Why fish and chips is still the best catch of the day for the British…

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NATIONAL Fish & Chip Day 2017 is, according to its organisers, set to be even bigger than last year’s inaugural event as it brings together everyone involved in creating this iconic British dish on Friday (June 2). 

That includes chippies, pub chains, restaurants, retailers and the fishermen and farmers who provide the sustainable, natural ingredients needed to create this family favourite – which is, of course, traditionally eaten on a Friday.

As long as they are eaten in moderation, fish and chips make a balanced and nutritious meal providing a valuable source of protein, fibre, iron and vitamins.

In recent years, we have seen more and more fish and chip shops and restaurants offering a bigger selection of choice, too. 

Many, for example, now offer gluten-free versions of the dish so those who suffer from coeliac disease can still enjoy the freshly cooked, golden meal. 

Plenty of shops are also offering lighter meals with pan-fried or poached fish and salad as alternatives to traditional battered fish and chips. 

Ben Miles, who has been running St John’s Fish Bar in Tunbridge Wells for the past six years, told the Times when he was interviewed last year that part of their recent refurbishment included the installation of new fryers to the tune of £40,000, which also included a specialist machine for gluten-free products.

What makes frying equipment worth that kind of money? “Two things: Fuel efficiency and a healthier product,” said Ben. “The quicker and hotter a fryer fries, the better the food. 

“With fast and clean frying, only a small amount of the oil remains in the food, making it better for you. Good fish and chips don’t have to be sinful.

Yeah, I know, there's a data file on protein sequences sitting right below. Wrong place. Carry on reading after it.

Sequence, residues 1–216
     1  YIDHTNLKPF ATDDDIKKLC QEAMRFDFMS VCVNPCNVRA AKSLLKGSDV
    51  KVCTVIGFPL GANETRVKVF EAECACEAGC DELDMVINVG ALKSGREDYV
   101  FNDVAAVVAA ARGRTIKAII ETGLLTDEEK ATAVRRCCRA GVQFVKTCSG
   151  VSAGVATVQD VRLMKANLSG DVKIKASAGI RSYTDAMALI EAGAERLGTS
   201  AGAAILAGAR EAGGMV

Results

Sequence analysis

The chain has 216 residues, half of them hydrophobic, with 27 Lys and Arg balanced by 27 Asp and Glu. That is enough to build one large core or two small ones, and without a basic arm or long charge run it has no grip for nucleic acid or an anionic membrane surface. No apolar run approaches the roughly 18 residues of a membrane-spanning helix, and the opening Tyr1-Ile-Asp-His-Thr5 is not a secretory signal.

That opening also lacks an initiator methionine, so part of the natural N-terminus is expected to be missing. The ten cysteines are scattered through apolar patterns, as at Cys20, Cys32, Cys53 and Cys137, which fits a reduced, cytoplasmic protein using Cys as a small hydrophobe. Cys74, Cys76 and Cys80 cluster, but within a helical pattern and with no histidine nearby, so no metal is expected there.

“Quality is important to us here, so making sure you have the best equipment is worth the money.”

St John’s Fish Bar uses Middleton’s Dove Farm batter mix and rice flour for their gluten-free products, but the idea didn’t come about just to be ‘on trend’. 

Ben revealed the reason was much closer to home than that. “One of my children is dairy intolerant,” he explained. “When I did my research as a parent, it dawned on me just how many people suffer from dietary intolerances, which triggered a desire to offer my customers genuine gluten-free options – I can’t deny anyone some delicious battered cod!”

St John’s Fish Bar sells around 700 pieces of fish a week, and always ensures it’s sourced from monitored waters.

“This issue is important to me, as I’m in this business for the long haul, said Ben. “Our fish comes from the North Sea near the Faroe Islands, where the trawling is regulated carefully by the Marine Stewardship Council. 

“The area is completely protected from being over-fished, and it’s great to know where our product comes from. It is certainly worth paying the extra.”

When asked how he enjoys his own fish and chips, Ben quickly replied: “A small, skinned, battered cod with chips, a little bit of mushy peas on the side and a can of Shandy Bass.”


Fish Facts

A nationwide, online survey of 1,675 people for the National Fish and Chip Survey 2017 found the following: